Kelani Cables is looking at a record revenue in the excess of Rs. 5 billion at the end of the financial year. This would be an increase of more than 25 % from the last financial year. CEO Kelani Cables, Mahinda Saranapala said that they would increase foreign exports by over 15 % and this is the main reason for the increase of revenue.
He said that Kelani Cables became the first Sri Lanka company to export wires to the Australian domestic market and now they plan to explore the New Zealand market as well. “We received a Special Quality Certificate from Australia which would also allow us to export to New Zealand,” he said. Saranapala said that the first container was exported to Australia last week to their Australian agent, Custom Electricals. He said that the factory had to adapt to several ‘new styles’ to meet the Australian standed which included a flat wire and special plastic coating. “The factory had to do only a marginal investment for this.”
The Australian market was penetrated through a local engineer domiciled in Australia. Kelani Cables products are already being exported to Japan, South Africa, India, Maldives, and Bangladesh which is the largest market for them. “The revenue from these markets was 15 % of the total turn over of Rs. 4.34 billion last year.” “Our company profit before tax meanwhile, increased by 80 % during the year, to Rs. 402 million. With this strong growth, the group secured an impressive bottom line growth of 113 % of Rs. 284.8 million during the financial year.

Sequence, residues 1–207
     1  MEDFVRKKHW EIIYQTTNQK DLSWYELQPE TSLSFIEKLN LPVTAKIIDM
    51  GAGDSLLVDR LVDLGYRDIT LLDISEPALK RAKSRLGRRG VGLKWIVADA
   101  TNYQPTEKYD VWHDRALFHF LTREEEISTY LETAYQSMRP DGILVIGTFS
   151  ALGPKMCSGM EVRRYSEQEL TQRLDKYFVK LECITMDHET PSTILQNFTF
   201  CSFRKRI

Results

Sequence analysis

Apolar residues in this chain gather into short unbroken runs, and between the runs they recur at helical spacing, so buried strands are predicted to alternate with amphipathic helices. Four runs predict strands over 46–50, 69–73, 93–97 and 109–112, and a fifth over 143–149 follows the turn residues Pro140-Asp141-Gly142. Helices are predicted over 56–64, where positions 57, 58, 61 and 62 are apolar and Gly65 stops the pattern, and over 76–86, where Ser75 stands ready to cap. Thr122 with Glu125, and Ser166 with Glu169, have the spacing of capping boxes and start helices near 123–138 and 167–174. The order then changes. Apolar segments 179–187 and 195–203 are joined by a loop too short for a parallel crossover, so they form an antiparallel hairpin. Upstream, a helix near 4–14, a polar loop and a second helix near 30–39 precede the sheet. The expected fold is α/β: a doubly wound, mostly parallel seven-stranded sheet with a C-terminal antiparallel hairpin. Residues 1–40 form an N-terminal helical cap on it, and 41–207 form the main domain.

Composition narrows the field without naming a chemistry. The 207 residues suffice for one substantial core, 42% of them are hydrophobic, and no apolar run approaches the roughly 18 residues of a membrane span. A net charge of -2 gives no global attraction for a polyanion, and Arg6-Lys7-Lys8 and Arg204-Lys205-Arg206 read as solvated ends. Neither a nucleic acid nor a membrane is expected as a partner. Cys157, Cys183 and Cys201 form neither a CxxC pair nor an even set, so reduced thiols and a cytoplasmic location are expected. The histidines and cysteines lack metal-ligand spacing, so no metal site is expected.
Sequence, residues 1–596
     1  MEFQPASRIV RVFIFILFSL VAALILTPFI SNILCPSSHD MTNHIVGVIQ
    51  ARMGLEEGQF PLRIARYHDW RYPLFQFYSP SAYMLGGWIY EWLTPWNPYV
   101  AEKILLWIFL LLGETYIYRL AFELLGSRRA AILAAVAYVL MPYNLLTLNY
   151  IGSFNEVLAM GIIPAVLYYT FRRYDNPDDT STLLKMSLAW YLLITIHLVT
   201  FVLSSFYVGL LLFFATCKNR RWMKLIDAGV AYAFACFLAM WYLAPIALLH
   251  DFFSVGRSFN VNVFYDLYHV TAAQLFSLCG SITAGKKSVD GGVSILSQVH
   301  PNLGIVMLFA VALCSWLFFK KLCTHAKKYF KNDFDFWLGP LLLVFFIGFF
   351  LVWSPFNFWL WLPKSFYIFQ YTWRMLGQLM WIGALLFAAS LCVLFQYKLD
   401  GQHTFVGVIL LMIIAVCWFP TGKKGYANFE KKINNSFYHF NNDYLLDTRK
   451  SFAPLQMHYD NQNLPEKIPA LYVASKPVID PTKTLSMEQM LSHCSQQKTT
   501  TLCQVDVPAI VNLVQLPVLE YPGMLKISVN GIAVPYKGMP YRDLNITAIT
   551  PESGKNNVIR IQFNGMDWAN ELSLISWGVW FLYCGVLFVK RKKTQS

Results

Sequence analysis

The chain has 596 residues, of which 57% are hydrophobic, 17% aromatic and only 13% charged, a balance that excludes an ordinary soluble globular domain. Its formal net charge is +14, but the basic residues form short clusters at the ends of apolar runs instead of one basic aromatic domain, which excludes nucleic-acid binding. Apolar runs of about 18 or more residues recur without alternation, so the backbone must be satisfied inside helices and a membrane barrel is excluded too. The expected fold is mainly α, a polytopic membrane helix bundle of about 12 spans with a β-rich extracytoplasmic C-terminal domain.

“We strengthened our presence in the North and East of the country by increasing the number of our agents in these areas and by adding 500 new outlets in Trincomalee, Batticaloa, Kilinochchi, Jaffa and Pudukuduirippu.”
“We have built a new state-of-the-art warehouse in our premises at Kelaniya. During the day we use skylight to reduce and save energy. Invested in a new boom truck to improve cable drum handling and to handling reduce costs.”
He said that due to low quality exports by some manufactures the high reputation Sri Lanka has earned is now in jeopardy. “These low quality cables and wires are also a health and safety hazard for end users due to their poor insulation capacity. We are deeply concerned to note that such low quality, dangerous goods are gaining market share on the basis of significantly lower prices, endangering life and property in the country.
Therefore, we urge the relevant authorities to enforce the SLSI quality standards within the local cable and wire manufacturing industry, as a matter of priority and public safety.”
He also said that last year over 89 people died due to burn injuries in a Calcutta hospital and investigations had revealed that it was due to a fire originated by low quality wire.